Confidence among consumers has dropped to its lowest level in 26 years thanks to the Brexit referendum, according to the latest data from research institute GfK.
British consumer morale plunged to -12 this month – compared to -1 in June – the biggest decline in the monthly Consumer Confidence Index since March 1990.
This is also a further 3-point drop from the -9 recorded by a one-off post-Brexit index in early July, although the rate of decline has slowed dramatically since the immediate aftermath of the referendum.
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“We’ve seen a very significant drop in confidence, as is clear from the fall in each of our key measures,” GfK head of market dynamics Joe Staton said.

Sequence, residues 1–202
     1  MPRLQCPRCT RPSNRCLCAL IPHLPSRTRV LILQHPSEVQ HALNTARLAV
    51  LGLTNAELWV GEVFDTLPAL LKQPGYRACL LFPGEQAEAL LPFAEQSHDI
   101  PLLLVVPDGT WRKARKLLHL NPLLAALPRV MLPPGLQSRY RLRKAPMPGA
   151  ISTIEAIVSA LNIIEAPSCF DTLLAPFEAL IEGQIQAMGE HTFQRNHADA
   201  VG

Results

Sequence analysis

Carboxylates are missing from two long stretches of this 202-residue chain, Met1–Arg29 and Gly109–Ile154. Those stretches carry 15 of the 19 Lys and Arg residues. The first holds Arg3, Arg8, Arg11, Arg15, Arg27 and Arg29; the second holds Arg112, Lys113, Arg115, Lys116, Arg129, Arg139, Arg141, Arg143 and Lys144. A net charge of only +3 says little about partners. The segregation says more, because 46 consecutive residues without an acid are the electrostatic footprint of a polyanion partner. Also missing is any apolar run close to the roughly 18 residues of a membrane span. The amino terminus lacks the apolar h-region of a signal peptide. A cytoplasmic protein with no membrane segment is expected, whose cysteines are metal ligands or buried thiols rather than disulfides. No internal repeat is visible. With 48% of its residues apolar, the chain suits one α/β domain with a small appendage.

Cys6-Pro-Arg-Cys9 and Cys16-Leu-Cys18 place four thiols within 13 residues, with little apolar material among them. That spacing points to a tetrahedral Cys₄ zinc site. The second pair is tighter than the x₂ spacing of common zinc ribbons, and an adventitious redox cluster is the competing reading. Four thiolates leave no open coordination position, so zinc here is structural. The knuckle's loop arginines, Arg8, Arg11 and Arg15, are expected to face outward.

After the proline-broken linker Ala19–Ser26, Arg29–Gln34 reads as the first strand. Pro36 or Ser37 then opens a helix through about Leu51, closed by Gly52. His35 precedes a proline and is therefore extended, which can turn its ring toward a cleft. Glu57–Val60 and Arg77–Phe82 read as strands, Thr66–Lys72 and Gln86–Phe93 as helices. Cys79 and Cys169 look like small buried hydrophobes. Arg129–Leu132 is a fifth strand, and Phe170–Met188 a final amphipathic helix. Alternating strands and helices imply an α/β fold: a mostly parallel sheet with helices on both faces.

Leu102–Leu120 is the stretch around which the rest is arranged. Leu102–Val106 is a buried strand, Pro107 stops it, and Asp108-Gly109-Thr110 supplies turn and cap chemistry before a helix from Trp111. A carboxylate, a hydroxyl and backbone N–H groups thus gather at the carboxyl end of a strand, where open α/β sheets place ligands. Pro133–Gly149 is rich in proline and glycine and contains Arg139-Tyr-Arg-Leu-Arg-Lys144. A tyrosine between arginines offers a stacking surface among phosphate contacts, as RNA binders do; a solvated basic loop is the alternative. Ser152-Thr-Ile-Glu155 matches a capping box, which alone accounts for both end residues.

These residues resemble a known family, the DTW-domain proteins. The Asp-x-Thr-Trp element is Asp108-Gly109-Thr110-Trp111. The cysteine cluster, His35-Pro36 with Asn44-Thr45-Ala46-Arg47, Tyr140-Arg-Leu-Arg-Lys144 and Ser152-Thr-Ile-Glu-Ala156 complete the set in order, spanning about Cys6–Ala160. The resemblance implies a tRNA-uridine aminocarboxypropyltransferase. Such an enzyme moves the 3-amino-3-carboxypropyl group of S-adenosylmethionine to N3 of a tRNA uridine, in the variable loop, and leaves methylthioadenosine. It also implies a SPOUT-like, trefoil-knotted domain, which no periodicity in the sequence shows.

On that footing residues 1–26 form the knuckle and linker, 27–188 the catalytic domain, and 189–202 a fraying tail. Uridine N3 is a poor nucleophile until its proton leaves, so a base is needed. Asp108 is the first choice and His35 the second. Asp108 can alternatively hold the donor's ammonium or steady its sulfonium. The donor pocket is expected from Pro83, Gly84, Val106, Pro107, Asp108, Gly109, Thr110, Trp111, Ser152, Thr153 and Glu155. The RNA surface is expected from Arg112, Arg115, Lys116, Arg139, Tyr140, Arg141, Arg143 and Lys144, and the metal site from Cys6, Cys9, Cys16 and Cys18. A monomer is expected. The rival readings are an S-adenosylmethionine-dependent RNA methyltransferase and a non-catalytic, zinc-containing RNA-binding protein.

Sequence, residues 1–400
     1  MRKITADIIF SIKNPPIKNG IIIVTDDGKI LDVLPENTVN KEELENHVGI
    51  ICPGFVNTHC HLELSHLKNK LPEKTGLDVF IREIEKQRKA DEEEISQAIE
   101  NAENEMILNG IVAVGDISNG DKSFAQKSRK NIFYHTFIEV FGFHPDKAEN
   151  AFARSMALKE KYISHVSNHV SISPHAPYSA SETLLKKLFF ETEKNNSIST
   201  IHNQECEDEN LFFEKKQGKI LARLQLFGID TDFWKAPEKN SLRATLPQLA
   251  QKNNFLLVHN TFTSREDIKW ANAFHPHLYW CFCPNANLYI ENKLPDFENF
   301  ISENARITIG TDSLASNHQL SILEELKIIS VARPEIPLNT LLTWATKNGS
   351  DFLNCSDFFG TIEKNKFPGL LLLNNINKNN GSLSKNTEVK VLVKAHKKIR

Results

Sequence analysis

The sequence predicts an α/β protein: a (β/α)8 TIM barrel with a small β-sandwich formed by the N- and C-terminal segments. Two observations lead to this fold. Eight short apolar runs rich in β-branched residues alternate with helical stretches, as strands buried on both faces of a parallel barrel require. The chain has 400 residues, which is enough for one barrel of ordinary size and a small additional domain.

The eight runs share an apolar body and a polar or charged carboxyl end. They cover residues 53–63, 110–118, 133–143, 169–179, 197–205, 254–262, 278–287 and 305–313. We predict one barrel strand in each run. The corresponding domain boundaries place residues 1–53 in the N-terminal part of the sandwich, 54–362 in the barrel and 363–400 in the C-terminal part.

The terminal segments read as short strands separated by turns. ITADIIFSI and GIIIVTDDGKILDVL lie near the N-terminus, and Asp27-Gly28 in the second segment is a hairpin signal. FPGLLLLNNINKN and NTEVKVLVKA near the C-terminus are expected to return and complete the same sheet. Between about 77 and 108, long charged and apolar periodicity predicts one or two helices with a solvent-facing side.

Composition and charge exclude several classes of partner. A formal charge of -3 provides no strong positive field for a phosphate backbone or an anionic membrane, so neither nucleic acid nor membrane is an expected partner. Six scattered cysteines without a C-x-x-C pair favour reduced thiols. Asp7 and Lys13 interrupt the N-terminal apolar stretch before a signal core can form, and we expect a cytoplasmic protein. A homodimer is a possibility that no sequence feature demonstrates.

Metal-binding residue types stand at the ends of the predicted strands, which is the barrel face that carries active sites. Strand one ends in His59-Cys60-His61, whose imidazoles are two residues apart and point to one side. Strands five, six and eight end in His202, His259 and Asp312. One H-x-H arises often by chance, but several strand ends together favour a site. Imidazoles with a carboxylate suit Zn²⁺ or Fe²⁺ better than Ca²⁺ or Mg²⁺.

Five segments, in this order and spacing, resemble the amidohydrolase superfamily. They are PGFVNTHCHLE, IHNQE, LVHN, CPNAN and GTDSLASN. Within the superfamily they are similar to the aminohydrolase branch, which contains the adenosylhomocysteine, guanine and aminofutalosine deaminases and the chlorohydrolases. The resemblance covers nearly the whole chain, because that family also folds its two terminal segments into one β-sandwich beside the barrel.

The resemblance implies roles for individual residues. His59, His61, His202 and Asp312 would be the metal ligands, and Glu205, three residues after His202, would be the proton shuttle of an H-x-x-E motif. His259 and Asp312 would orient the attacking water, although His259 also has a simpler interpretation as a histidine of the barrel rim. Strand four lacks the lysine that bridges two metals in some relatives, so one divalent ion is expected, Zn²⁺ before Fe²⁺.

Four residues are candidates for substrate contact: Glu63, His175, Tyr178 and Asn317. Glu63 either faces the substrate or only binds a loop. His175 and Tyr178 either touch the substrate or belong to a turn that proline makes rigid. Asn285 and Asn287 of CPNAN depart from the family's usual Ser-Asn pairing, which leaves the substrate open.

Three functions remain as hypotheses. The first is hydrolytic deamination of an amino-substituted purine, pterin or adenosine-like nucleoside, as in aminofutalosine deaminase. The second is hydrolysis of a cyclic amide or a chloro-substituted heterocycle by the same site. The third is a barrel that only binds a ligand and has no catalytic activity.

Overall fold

“Its future trajectory depends on whether we enter a new period of damaging economic uncertainty or restore confidence by embracing a positive stance on negotiating a new deal for the UK.”
Scotland had the lowest consumer morale in the UK, where it plummeted by 14 points to -22 in the first two weeks of July. Staton said calls for a second Scottish independence referendum may have attributed to that.
Other consumer surveys have indicated various results since the Brexit vote, with Deloitte earlier this week releasing data showing it has remained the same as it was before the referendum.
GfK’s monthly Consumer Confidence Index dates back to 1974.